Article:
2. Ha! The Mathematician sounds like my husband…so silly, but although I’ve never really considered writing for real ( I do fantasize about creating a story, just so it will have all the things I love and I can get lost in my own world..) I’ve often thought of this and I would use a super creative name: JJ Johnson. :) It’s got initials, middle of the alphabet-the perfect pen name!

  3. So for my pipe dreams, I’d often thought of combining my married and maiden names. Graham Shaw. I’ve already bumped into a gifted watercolourist named Graham Shaw though. Beautiful paintings of Canada’s north. Since then, I realized it may be too generic of a name. I believe I’d be the type of author willing to jump through several marketing hoops. Reality is, I’d wait to know what audience we were aiming for. So probably several names on hand: Graham Rose; Ashley Lane; and E. B. Cale. And my own name for the possibility of poetry. Just my opinion, but I like to know the true name of the person writing poetry, if at all possible. Adds to the layers of meaning, for me.

  4. I have given a fair bit of thought to this over time. I used to think I would use my maiden name and my mother’s first name, as a sort of tribute to my parents, particularly as my father is dead. These days I mostly think that I would want those who know me to know that I finally did get my book into print, and it wasn’t just an excuse to play on the computer, so I would use my own name so they could all recognise me, (and be impressed maybe?)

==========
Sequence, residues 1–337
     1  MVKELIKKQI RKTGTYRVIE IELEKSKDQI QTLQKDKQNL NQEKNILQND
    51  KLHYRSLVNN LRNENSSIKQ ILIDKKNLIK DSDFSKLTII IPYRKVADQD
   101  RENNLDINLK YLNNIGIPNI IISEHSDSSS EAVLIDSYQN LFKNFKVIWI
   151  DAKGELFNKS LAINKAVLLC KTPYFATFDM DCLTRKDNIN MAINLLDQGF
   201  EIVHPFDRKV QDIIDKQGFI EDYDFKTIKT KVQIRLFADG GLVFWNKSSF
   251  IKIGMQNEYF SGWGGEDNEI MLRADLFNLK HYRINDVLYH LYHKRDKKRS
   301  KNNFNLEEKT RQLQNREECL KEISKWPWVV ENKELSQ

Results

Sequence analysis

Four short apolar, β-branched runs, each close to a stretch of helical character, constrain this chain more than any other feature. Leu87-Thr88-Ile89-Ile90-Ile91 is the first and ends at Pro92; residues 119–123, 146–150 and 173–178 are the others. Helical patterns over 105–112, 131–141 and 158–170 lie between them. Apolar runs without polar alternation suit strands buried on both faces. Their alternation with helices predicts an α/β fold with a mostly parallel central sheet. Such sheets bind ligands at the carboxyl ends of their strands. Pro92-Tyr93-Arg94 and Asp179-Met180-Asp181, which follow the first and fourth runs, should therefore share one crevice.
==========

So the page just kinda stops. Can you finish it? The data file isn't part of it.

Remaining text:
So now that I have the most important bit sorted out, I only have to finish my book…do all the editing etc…find an agent who likes it…and then hopefully find a publisher who will buy it!

  5. 1) I think that I would take a genre of book in which my writing style fit, go to the bookstore and see where my favorite authors in that genre landed on the shelf. And then pick a name that would put my books next to his or hers.

    This method makes sense to me, because my mom is forever scanning the shelves for “new” authors, and there has been any number of times where she has said something along the lines of “So, I was picking up the latest book by so-and-so, and while I was standing there, a book next to it caught my eye. I read the flap and decided it sounded like a good book to try.”